The data is then overwritten and verified. Most devices support some level of Clear sanitization. It does not, however, address hidden or unaddressable areas. Purge applies physical or logical techniques that render target data recovery infeasible using state-of-the-art laboratory techniques. Purge provides a more thorough level of sanitization than Clear and is used for more confidential data. A firmware-based command is then triggered, depending on the type of drive. Finally, the last step verifies the write.

There are times, though, when Purge cannot be applied to all devices based on the firmware involved. Destroy renders target data recovery infeasible using state of the art laboratory techniques. It also renders the media incapable of storing data afterward.

These can be necessary for drives that are already beyond all possible use or standard overwriting methods because of physical damage. That said, Purge and Clear, where applicable may be more appropriate than Destroy in many cases.

Not only does it contribute to environmental waste, it lessens the lifespans of information technology storage devices. Originally published for government use, NIST has become widely adopted in private industry as the best way to ensure that data is removed from media once that data moves from a more secure to a less secure setting. For that reason, NIST principles come into play whether a media asset is moving from a high level of confidential protection in one department to another, less secure department within the same organization, or whether that device is destined to leave the organization entirely.

How to use the NIST SP800 series of standards for ISO 27001 implementation

This latest update continues to be one of the most widely used data sanitization standards requested or required by the U.

DoD Private businesses and organizations within the U. This blog article will provide you with a quick summary of what NIST media sanitization means. It will also provide an overview of how NIST works to prevent unauthorized access to confidential or sensitive business and personal data. What is Media Sanitization?

The authors also emphasize that this process must consider end-of-life sanitization from the very beginning of data storage planning.

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That means assessing media and workflows implemented at the early stages of building an information system. NIST sanitization workflow considerations continue through recycling, transferring or permanently retiring media at device or data end-of-life. There are also many points of vulnerability in between where data could be inappropriately accessed.

These can include times of infrastructure maintenance or third-party involvement.

Data Sanitization

At each of these points, the NIST Guidelines point out that it is the confidentiality needs of the data that will drive sanitization decisions, not the media type itself. Essentially, NIST advocates that users determine what sanitization method to use by: understanding and categorizing the information according to confidentiality levels assessing the nature of the storage medium weighing the risk to confidentiality, and determining how the media is to be used in the future That is, will it be reused within the organization?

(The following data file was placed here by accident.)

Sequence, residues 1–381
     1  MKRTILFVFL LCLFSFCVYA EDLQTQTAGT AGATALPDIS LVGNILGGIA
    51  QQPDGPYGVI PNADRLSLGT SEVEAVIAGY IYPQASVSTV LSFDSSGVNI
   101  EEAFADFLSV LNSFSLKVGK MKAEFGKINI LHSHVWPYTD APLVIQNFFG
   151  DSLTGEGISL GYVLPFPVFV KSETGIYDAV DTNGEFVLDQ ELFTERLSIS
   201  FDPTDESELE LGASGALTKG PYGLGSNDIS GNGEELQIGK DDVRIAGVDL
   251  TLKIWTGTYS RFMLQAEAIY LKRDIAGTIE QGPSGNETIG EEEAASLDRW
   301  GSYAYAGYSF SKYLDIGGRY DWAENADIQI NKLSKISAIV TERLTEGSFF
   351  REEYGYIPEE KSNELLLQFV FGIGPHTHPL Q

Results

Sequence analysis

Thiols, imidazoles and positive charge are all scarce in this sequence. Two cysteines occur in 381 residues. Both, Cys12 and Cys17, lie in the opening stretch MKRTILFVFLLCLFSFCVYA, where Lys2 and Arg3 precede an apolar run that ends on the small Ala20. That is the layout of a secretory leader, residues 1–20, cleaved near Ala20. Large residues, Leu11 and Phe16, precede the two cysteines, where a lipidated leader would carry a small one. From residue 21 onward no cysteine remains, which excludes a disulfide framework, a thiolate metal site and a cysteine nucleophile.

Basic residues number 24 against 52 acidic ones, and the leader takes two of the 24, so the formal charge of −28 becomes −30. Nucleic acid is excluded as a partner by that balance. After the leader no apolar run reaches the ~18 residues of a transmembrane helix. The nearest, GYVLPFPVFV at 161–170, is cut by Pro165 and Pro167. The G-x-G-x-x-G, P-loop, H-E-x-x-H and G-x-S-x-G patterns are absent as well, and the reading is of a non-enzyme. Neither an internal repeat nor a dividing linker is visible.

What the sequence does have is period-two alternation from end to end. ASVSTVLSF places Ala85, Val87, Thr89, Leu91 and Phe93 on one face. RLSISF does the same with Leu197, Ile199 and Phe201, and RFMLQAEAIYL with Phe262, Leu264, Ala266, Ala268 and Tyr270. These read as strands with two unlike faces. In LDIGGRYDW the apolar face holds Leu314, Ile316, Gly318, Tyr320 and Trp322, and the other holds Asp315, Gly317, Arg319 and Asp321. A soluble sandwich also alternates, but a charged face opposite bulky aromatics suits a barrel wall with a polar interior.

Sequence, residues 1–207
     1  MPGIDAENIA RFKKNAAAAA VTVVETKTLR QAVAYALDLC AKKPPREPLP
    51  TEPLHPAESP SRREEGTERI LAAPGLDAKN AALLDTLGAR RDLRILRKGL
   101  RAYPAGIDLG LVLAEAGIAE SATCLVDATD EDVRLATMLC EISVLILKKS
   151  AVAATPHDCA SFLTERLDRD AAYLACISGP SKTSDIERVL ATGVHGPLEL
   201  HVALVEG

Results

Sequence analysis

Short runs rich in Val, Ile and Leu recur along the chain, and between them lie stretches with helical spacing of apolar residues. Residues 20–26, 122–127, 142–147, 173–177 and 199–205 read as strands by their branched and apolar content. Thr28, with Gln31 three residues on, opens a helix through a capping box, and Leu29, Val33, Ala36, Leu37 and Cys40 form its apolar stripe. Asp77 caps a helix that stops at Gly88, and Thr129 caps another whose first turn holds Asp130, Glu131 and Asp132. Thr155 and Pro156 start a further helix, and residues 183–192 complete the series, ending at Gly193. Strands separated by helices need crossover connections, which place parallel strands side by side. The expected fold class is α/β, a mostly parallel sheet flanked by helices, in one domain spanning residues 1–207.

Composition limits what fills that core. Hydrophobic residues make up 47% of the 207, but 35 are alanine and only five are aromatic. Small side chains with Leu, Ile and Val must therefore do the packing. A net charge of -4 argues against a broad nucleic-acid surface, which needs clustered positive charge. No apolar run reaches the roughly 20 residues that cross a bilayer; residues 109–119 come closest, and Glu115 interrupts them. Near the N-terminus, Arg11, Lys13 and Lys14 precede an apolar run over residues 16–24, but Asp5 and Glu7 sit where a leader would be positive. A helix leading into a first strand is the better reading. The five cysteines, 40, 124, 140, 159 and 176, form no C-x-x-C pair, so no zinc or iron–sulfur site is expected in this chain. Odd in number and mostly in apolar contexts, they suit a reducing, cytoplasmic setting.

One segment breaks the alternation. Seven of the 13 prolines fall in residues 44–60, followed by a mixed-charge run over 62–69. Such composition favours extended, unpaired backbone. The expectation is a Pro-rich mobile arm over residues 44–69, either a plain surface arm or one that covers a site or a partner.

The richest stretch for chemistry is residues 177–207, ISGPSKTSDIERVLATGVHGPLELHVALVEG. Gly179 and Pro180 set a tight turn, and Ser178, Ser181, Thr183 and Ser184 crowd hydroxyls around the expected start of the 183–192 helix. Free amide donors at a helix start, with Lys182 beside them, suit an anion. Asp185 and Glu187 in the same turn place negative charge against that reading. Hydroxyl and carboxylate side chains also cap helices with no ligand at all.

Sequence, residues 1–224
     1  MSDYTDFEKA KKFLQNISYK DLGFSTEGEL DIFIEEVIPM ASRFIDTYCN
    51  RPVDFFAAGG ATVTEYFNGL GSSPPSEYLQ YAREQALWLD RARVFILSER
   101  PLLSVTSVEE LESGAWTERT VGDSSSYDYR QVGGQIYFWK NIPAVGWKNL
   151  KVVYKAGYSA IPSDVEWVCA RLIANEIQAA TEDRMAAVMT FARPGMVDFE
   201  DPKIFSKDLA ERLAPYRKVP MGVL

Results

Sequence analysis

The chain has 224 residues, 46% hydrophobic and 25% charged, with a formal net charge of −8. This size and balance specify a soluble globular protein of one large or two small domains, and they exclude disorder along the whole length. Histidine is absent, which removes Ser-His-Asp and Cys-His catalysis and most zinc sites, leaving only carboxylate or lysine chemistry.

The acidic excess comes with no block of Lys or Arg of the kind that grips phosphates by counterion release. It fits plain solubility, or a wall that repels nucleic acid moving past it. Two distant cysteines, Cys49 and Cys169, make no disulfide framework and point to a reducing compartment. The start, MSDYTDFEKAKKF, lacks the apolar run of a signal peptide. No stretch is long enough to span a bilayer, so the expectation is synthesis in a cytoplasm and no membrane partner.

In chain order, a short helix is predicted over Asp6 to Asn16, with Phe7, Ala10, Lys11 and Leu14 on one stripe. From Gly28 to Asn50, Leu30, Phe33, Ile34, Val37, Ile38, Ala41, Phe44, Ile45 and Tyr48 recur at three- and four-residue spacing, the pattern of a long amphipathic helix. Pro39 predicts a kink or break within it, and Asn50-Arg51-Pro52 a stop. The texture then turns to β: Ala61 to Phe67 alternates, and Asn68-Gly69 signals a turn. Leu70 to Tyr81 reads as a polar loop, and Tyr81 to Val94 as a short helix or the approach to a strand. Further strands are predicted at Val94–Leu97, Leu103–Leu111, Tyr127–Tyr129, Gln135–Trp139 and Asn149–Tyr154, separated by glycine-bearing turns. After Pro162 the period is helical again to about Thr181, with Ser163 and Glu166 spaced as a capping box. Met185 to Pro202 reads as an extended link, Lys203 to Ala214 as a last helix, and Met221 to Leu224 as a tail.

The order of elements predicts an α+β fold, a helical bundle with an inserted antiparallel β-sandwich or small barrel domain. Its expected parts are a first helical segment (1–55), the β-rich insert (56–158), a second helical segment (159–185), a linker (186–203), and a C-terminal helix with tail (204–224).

Shredded or otherwise rendered unusable? Once these determinations have been made, the organization can choose what type of sanitization method is most appropriate given any other considerations cost, environmental impact, technology and technical skills available, etc.

Ultimately, the goal is to choose a data sanitization solution that most lessens the risk to confidentiality while respecting any other constraints involved. A common data protection vulnerability happens when devices change hands without the original data being adequately removed from the device.

Data Sanitization | University IT

All too often, confidential data moves from a highly protected data storage environment to a much less protected one, simply because operators believe, but have not verified, that data has been sufficiently eradicated.

As a result, parties attempting to obtain sensitive information may seek to focus their efforts on alternative access means such as retrieving residual data on media that has left an organization without sufficient sanitization….

Consequently, the application of effective sanitization techniques and tracking of storage media are critical aspects of ensuring that sensitive data is effectively protected by an organization against unauthorized disclosure. Protection of information is paramount. Traditionally, several other methods have been used to protect against unauthorized access to information stored on old or retired data storage media.

As a result, existing degaussers may not have sufficient force to effectively degauss such media. Dedicated sanitize commands support addressing these areas more effectively.

The use of such commands results in a tradeoff because although they should more thoroughly address all areas of the media, using these commands also requires trust and assurance from the vendor that the commands have been implemented as expected.

Shredding—or other physically destructive methods that cut the drive into small pieces—is becoming increasingly challenging. While this can still be a fully acceptable method if the shred size is small enough, increasingly dense chips are actually damaging conventional shredders see page 7 of the Guidelines. And, of course, any physical destruction method also means that the device being destroyed is completely unusable, resulting in both environmental and cost impacts.

Clear applies logical techniques to sanitize data in all user-addressable storage locations. This protects against simple, non-invasive data recovery techniques and provides a moderate level of data protection. This can include rewriting with a new value or using a menu option to reset the device to the factory state when rewriting is not supported. The data is then overwritten and verified. Most devices support some level of Clear sanitization.

It does not, however, address hidden or unaddressable areas. Purge applies physical or logical techniques that render target data recovery infeasible using state-of-the-art laboratory techniques. Purge provides a more thorough level of sanitization than Clear and is used for more confidential data. A firmware-based command is then triggered, depending on the type of drive. Finally, the last step verifies the write.

There are times, though, when Purge cannot be applied to all devices based on the firmware involved.